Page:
ISTANBUL - Turkish Daily News

The state of the world's oceans is alarming. Natural balances have been damaged, numerous species have been dying out, illegal fishing and the dumping of chemical waste have caused a variety of marine life to vanish altogether, and scientists claim certain fish and shellfish are a threat to human health due to excessive levels of mercury.
In response, an academic at Istanbul Bilgi University launched two campaigns, �The Mediterranean the Sad� and �Global Warming,� a few years ago to attract attention to the tragic end that may await the Mediterranean Sea.
After these projects received great interest from around the world, Ethem Özgüven, who teaches in the university's television reporting and programming department, has launched another campaign, called �The Mediterranean is Crying.�
With the cooperation of local and international volunteers, attention-grabbing graphic designs and booklets have been prepared and documentary films have been shot, all with intention of making the campaign an internationally recognized one.
During the campaign's preliminary phase, which took 1.5 years, Özgüven knocked on the doors of a number of both national and foreign universities to gather the views of different scientists. But his main source of information was small fishing boats. �The most striking details of the campaign's data were obtained from small fishing boats,� he said. �The result is that the Mediterranean Sea is giving us an SOS signal,� he added.
Özgüven noted that the Mediterranean Sea has faced serious levels of pollution in recent years caused by waste from more than 20 countries, including those in the Black Sea region, flowing into it. �These wastes have constantly been increasing, which damages natural balances. If the Mediterranean dies, then the land dies,� he said.
Özgüven also said the seas contain high level of poisonous substances as a result of chemical waste, making fish and shellfish harmful to human health. Özgüven, citing scientific studies, said many of the facts are not made public because of commercial interests but insisted that much of the sea life does contain excessive levels of mercury.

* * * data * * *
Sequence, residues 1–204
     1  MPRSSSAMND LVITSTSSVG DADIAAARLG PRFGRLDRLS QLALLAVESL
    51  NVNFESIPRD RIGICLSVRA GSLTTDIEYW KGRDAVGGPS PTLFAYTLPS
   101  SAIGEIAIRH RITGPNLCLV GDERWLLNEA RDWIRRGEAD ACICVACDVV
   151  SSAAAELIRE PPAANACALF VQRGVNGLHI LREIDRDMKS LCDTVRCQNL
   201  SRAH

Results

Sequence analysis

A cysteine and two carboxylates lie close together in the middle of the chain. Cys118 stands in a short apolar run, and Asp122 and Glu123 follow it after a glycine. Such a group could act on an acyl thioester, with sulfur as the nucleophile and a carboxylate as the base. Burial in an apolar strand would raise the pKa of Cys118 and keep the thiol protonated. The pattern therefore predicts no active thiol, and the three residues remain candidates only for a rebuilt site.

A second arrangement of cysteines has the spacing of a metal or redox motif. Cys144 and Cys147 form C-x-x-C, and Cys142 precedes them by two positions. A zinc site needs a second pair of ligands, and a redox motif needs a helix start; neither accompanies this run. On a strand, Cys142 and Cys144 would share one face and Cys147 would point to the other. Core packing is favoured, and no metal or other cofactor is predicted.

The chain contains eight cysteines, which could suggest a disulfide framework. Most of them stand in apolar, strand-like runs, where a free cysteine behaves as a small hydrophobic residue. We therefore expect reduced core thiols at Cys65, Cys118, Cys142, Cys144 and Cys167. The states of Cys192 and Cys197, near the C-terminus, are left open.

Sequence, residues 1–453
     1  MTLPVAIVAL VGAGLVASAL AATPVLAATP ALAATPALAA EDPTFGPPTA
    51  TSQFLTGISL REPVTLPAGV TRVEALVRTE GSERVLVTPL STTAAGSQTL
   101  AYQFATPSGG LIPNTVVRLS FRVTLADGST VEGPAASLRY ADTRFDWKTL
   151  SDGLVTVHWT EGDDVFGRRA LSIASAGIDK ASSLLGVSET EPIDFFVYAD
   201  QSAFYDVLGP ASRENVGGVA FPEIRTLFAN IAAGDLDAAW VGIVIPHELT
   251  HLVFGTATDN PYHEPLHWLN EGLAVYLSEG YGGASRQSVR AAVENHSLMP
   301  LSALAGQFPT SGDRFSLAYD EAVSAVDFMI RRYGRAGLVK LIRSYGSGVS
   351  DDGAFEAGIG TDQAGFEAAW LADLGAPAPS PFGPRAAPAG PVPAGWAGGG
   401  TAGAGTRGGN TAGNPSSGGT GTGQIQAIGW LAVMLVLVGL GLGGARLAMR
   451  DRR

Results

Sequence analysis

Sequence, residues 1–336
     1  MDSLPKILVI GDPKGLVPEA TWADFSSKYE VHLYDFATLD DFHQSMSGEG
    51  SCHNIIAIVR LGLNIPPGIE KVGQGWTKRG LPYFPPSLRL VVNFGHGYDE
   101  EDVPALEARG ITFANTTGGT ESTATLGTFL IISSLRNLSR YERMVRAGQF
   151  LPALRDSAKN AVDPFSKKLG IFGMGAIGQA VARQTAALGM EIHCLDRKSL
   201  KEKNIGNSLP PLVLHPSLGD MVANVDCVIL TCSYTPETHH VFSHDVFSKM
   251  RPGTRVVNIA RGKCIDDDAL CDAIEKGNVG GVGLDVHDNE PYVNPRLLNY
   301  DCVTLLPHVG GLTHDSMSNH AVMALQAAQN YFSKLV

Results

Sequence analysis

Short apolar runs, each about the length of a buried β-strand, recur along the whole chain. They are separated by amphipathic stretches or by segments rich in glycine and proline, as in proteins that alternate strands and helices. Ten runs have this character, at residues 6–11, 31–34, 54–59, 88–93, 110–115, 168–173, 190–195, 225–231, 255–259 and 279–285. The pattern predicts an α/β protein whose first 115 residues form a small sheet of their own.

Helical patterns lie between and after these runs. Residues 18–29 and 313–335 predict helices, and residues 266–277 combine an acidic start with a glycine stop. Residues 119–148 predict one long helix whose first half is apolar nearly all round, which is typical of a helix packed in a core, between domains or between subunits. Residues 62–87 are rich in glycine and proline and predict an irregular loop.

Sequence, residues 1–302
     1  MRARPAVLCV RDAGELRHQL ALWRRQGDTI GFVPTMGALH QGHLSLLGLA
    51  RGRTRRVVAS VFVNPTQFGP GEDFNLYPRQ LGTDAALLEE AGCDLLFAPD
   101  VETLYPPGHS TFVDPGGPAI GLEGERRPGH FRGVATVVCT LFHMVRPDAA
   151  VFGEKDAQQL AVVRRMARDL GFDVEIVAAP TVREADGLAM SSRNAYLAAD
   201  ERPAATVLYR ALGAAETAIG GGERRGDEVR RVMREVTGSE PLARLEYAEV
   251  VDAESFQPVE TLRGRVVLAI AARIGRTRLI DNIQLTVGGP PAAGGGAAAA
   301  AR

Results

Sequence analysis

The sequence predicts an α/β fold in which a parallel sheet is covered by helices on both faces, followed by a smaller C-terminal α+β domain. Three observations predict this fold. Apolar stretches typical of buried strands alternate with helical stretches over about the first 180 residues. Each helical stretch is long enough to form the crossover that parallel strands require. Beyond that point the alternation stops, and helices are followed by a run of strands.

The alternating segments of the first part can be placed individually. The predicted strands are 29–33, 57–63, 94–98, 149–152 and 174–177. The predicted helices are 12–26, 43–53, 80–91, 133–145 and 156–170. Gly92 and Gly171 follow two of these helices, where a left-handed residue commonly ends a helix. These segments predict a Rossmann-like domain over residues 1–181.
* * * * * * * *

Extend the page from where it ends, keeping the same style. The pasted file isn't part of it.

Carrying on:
In addition to pollution, another threat to seas is global warming, he noted. �Species are becoming extinct. Nutrition chains have been broken. Excessive pollution has been coupled with rapidly increasing algae at the sea bottom.�

Fish killed thrown back into sea
Özgüven said he does not agree with the criticisms raised against fish farming, saying the farms function to cover a huge deficit.
�Our seas have become infertile,� he said, adding that if fish farms did not exist, fish on the table would be a luxury. The problem goes beyond the fish farms, he argued.
Nets from fishing boats are being placed closer and closer to the shores where fishing is carried out without complying with the rules. �A large amount of the fish caught in this way is thrown back into the sea as they are dead,� he said. �Big fishing boats catch 75 percent of all fish and small boats catch the rest,� he added.

Requests and questions
Another threat to the seas is fishing with the help of sonar equipment and radar at night. Özgüven noted that this type of activity is definitely a threat to numerous underwater species, including the endangered Caretta caretta turtles and the Mediterranean dolphin.
Urgent action is needed, he urged. �Our campaigns should be seen as and called social advertisement campaigns,� said Özgüven.
Inquiries about brochures, posters and documentary films can be made to